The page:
Do you have general CBCT scan protocol suggestions?

Note: All machines acquire scans differently, so you may need to tweak these suggestions for your specific machine. Patient positioning recommendations assume the patient is sitting or standing.

First, determine what the scan is for (aka Study Purpose): Implant, Impacted teeth, Pathology/Pain, Endodontics, Orthodontic, Airway, TMJ, Pediatric

  • Implants:
    • FOV: Depends on which arch(es) you are planning to place the implant(s).
      • For one implant: Small (~4 or 5 cm in height and diameter)
      • For multiple implants in one arch (maxilla or mandible): Medium (~5 cm high and 8 cm diameter).
      • For multiple implants in both arches: Large (~8-10 cm in height and diameter)
    • Voxel: ~0.2-0.3 mm
    • Time: 15 sec. or longer
    • Positioning: Occlusal plane parallel to the floor. If you are considering implant placements on both arches, then center the occlusal plane in the vertical dimension.
    • Other: Some implant planning systems require separation between the jaws and between the teeth and soft tissues. You can use cotton rolls or a bite registration to separate the teeth as needed. Cotton rolls placed in the vestibule will separate the teeth and the soft tissues.
  • Impacted teeth: Same criteria as Implant Cases (without the cotton rolls)
  • Pathology and Pain:
    • FOV: Depends on how big the pathosis/region of interest (ROI) is.
      • For one affected quadrant: Small (~4 or 5 cm in height and diameter)
      • For one affected arch (maxilla or mandible): Medium (~5 cm high and 8 cm diameter).
      • For both arches affected: Large (~10-15 cm in height and diameter)
      • NOTE: Remember for evaluation of Pain, a larger FOV may be appropriate due to the propensity for pain to refer from one area to other.
    • Voxel: ~0.12-0.2 mm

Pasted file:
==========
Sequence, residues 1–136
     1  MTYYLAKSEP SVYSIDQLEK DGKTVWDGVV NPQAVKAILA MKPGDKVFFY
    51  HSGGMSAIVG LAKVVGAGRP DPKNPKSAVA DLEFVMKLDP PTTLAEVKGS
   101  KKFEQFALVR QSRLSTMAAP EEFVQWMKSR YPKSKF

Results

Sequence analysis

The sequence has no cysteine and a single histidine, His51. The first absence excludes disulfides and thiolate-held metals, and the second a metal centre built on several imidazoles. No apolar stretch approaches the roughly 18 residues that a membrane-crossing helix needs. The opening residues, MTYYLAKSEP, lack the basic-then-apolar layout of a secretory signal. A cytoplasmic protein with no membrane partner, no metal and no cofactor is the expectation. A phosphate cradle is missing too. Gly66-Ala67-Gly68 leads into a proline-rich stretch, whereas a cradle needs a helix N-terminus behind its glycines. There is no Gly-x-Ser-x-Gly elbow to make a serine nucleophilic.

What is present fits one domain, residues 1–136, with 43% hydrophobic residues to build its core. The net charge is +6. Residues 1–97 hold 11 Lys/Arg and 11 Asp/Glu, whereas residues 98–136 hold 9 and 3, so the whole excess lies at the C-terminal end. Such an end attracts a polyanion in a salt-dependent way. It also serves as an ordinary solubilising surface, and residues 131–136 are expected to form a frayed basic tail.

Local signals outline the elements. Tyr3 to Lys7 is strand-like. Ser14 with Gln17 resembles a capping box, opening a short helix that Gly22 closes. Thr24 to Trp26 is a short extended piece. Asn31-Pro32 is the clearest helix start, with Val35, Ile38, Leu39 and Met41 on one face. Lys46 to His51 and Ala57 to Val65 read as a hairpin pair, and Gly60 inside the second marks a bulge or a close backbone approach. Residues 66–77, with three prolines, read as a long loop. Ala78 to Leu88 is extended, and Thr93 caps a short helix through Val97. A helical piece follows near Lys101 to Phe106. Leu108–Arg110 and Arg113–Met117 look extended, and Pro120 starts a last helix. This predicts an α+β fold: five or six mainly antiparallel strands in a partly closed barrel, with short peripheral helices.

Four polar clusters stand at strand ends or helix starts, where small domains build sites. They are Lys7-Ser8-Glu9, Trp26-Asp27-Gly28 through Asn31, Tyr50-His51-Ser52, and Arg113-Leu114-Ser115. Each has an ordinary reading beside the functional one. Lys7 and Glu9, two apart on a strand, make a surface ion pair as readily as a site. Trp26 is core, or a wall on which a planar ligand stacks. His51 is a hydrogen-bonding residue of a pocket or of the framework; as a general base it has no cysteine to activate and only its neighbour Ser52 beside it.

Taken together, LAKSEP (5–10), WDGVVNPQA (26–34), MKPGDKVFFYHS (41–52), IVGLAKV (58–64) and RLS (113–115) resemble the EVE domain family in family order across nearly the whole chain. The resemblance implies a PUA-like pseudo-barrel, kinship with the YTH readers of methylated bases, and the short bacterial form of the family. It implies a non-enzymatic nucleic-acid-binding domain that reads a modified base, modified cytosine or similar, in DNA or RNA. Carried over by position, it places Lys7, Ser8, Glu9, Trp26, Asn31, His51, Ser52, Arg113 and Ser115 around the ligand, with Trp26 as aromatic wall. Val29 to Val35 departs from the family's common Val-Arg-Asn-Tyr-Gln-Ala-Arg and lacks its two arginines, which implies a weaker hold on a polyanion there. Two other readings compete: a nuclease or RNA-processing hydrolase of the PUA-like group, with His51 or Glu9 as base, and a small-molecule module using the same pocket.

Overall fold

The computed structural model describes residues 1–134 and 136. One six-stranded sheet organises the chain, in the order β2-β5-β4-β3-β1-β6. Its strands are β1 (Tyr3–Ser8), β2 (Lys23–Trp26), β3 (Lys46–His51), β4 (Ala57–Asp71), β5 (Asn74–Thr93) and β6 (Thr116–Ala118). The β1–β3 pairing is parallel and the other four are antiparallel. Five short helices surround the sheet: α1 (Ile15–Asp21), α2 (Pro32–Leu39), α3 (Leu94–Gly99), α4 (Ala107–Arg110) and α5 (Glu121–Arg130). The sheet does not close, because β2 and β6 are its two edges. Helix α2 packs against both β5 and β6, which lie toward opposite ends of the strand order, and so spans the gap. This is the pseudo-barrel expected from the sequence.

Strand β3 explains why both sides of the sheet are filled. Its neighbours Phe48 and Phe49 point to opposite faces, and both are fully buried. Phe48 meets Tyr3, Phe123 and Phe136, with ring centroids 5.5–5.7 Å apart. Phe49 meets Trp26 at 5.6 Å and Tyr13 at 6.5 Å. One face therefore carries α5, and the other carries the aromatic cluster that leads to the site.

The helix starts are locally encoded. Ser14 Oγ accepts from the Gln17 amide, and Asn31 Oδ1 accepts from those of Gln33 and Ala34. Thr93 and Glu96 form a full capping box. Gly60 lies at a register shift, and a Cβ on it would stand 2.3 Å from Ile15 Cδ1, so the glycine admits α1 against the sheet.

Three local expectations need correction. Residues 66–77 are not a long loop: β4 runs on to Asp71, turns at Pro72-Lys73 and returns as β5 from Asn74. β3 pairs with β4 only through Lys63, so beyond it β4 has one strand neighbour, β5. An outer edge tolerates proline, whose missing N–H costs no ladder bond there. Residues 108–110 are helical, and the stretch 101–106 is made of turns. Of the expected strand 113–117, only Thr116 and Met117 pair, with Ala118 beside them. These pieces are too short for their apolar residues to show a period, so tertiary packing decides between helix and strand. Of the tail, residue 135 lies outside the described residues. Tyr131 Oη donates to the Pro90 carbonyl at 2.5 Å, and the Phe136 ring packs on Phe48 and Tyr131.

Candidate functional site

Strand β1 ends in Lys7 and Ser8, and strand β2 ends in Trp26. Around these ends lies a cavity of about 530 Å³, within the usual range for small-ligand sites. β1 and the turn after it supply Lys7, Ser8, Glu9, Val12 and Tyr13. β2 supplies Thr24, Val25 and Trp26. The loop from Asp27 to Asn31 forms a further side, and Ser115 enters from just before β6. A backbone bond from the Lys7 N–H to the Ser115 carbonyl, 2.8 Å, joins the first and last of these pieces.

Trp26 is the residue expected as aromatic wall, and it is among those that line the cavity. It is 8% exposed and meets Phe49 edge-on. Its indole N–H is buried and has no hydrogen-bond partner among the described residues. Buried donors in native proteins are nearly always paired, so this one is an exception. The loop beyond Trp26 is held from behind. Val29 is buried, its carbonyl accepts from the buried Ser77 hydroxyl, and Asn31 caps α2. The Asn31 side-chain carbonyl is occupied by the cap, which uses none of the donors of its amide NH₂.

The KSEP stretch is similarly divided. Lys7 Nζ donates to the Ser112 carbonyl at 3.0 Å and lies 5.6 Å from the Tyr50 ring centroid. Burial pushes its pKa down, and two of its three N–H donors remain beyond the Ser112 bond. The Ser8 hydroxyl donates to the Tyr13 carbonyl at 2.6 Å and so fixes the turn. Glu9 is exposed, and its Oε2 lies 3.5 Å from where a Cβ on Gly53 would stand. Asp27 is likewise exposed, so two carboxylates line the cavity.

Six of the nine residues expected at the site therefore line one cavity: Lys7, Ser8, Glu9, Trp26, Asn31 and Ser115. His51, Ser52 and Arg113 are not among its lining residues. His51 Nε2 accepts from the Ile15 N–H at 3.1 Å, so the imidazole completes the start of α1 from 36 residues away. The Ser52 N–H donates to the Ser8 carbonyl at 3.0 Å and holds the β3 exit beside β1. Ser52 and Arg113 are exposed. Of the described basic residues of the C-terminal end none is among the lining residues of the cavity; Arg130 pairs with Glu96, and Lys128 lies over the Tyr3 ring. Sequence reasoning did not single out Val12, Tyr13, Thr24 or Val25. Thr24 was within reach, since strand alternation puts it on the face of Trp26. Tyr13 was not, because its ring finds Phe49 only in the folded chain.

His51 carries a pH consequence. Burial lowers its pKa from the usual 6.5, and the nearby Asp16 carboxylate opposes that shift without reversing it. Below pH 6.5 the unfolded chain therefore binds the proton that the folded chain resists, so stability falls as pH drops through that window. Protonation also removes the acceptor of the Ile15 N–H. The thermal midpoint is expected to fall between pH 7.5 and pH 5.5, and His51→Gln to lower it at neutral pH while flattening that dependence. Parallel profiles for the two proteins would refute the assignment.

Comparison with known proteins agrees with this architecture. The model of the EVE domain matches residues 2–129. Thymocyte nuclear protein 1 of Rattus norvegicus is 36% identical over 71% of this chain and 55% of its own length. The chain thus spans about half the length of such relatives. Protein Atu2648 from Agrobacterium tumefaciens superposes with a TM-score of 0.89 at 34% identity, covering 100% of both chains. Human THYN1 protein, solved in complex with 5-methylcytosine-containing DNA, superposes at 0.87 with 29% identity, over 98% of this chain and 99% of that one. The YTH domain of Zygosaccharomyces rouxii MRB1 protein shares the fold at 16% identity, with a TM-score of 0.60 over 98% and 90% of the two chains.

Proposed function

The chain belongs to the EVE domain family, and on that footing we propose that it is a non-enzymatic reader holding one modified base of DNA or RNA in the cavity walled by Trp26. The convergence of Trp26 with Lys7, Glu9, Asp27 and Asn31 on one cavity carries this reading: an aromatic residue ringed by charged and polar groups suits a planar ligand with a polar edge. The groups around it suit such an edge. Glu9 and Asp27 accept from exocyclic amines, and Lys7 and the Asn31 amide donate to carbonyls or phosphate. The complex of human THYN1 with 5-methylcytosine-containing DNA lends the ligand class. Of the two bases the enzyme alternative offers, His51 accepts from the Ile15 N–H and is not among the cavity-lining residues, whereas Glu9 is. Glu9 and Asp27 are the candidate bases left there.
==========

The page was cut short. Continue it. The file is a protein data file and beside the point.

• Time: 15 sec. or longer
    • Positioning: Occlusal plane parallel to the floor.
  • Endodontics:
    • FOV: Small (~4-5 cm). Endodontic evaluation requires very high resolution, so as small as possible while still capturing the entire Region of Interest (ROI). If there is concern for referred pain, be sure to image both the mandibular and maxillary teeth in the ROI.
    • Voxel: as small as your machine will allow (0.075-0.125 mm)
    • Time: 15 sec. or more.
    • Positioning: Occlusal plane parallel to the floor.

Orthodontic/Orthognathic Surgery:

  • FOV: Large (minimum 13 cm in height and diameter). Include as much of the skull in the scan as possible: ensure the scan extends from glabella (superior to the orbits) to the soft tissue mention (below the inferior border of the mandible) and captures the facial soft tissue/profile.
  • Voxel: ~0.2-0.3 mm
  • Time: ~15-20 sec.
  • Positioning: Occlusal Plane parallel to the floor. Teeth should be lightly touching in maximum intercuspation (MIP)
  • Stabilization: Ideally use a headband or occipital brace. Avoid use of a chin cup, as this may change the patient profile. Avoid the use of a bite stick, as this alters the occlusion and TMJ relationships.